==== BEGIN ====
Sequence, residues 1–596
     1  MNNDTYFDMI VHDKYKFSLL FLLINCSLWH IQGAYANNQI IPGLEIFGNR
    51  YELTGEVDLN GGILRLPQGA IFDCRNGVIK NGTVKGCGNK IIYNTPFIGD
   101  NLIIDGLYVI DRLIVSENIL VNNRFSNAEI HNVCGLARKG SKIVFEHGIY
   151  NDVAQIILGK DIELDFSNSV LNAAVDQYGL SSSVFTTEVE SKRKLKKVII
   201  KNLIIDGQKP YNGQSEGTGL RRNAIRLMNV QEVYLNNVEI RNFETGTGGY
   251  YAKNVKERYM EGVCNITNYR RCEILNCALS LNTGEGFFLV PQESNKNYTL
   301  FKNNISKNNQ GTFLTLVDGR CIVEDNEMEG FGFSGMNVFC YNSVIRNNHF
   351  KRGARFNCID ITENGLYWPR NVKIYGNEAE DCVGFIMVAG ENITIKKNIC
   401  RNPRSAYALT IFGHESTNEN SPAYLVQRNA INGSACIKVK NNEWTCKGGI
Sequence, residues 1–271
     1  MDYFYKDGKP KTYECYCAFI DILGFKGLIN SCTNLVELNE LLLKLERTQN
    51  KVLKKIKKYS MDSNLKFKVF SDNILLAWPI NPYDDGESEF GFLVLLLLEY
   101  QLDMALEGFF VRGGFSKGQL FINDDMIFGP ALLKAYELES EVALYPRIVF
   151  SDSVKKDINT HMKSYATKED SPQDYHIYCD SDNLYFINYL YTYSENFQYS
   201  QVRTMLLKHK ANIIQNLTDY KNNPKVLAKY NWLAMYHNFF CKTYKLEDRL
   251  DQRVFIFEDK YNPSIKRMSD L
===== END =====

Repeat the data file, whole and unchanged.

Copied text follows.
Sequence, residues 1–596
     1  MNNDTYFDMI VHDKYKFSLL FLLINCSLWH IQGAYANNQI IPGLEIFGNR
    51  YELTGEVDLN GGILRLPQGA IFDCRNGVIK NGTVKGCGNK IIYNTPFIGD
   101  NLIIDGLYVI DRLIVSENIL VNNRFSNAEI HNVCGLARKG SKIVFEHGIY
   151  NDVAQIILGK DIELDFSNSV LNAAVDQYGL SSSVFTTEVE SKRKLKKVII
   201  KNLIIDGQKP YNGQSEGTGL RRNAIRLMNV QEVYLNNVEI RNFETGTGGY
   251  YAKNVKERYM EGVCNITNYR RCEILNCALS LNTGEGFFLV PQESNKNYTL
   301  FKNNISKNNQ GTFLTLVDGR CIVEDNEMEG FGFSGMNVFC YNSVIRNNHF
   351  KRGARFNCID ITENGLYWPR NVKIYGNEAE DCVGFIMVAG ENITIKKNIC
   401  RNPRSAYALT IFGHESTNEN SPAYLVQRNA INGSACIKVK NNEWTCKGGI
Sequence, residues 1–271
     1  MDYFYKDGKP KTYECYCAFI DILGFKGLIN SCTNLVELNE LLLKLERTQN
    51  KVLKKIKKYS MDSNLKFKVF SDNILLAWPI NPYDDGESEF GFLVLLLLEY
   101  QLDMALEGFF VRGGFSKGQL FINDDMIFGP ALLKAYELES EVALYPRIVF
   151  SDSVKKDINT HMKSYATKED SPQDYHIYCD SDNLYFINYL YTYSENFQYS
   201  QVRTMLLKHK ANIIQNLTDY KNNPKVLAKY NWLAMYHNFF CKTYKLEDRL
   251  DQRVFIFEDK YNPSIKRMSD L